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Around the World Photo Travel

Alaska, Alaska.

September 24, 2017

Alaska’s name is based on the Eskimo word “Alakshak” meaning Great Lands or Peninsula. Russian whalers and fur traders established the first settlement in Alaska on Kodiac Island in 1784. Russia is only 50 miles from Alaska. In 1867, U.S. Secretary of State, William H. Seward, purchased the entire territory from Russia for 7.2 million dollars, which comes out to only two cents per acre. Alaska became America’s 49th State on January 3, 1959. Alaska is the only state to have coastlines on three different oceans, the Arctic, the Pacific and the Bering Sea. 17 of the 20 highest peaks in the United States are located in Alaska; Denali, meaning Great One, (formerly Mt. McKinley), is North America’s highest peak at 20,320 feet. One-third of Alaska lies within the Arctic Circle, often experiencing days of complete darkness or light throughout the year due to the positioning of the Sun and the tilt of the Earths axis. When the Sun rises on May 10 in Barrow, Alaska, the northernmost town, it will not set until August 2 (84 days of complete sunlight). Consequently, when the sun sets on November 18, Barrow residents will not see sunlight until January 24 (67 days of darkness). The Alaska state flag depicts a blue background and eight gold stars, which represents the North Star and the Big Dipper.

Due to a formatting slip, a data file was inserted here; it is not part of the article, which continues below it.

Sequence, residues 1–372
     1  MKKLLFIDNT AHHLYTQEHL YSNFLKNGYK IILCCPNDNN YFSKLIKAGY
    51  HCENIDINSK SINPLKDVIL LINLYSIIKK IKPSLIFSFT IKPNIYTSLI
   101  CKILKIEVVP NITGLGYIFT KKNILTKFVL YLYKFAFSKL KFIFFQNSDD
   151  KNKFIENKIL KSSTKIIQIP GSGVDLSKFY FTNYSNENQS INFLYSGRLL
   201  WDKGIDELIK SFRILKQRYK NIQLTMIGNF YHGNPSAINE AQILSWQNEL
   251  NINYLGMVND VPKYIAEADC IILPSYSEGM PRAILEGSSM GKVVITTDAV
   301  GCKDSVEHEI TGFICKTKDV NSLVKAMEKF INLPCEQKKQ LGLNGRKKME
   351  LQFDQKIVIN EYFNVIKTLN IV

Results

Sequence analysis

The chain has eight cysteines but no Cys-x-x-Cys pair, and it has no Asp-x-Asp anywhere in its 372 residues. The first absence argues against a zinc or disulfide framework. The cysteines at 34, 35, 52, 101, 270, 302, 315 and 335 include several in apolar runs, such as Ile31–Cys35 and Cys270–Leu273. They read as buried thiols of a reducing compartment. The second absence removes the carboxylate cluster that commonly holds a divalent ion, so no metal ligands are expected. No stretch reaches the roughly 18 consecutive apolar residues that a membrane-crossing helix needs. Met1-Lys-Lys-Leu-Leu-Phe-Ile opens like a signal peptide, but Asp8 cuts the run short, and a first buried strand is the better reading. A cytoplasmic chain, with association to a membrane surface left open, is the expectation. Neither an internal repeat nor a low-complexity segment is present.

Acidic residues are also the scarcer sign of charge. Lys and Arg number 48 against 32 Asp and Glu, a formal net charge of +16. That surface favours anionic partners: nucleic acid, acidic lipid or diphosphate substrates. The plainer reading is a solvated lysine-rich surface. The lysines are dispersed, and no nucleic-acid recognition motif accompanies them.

The bald eagle, actually meaning ‘white headed,’ is a North American bird of prey typically found near large bodies of water where it can swoop down and snatch fish out of the water with its powerful talons that act as a vice grip. If a bald eagle grabs a fish that is too large to fly away with, it will swim with it to shore. The bald eagles total wingspan can reach up to seven feet and they weigh up to 14 pounds. They fly at speeds around 30 mph and can reach up to 100 mph when diving through the air. The bald eagles eye site is up to eight times sharper than a humans and can see forward and to the side at the same time. The bald eagles eye site is so fine tuned that it is able to spot a small mammal up to three square miles away. An average bald eagle nest is 2-4 feet deep and 4-5 feet wide and is something that male and female mates will work on together because they typically mate for life, they also take turns incubating the eggs.

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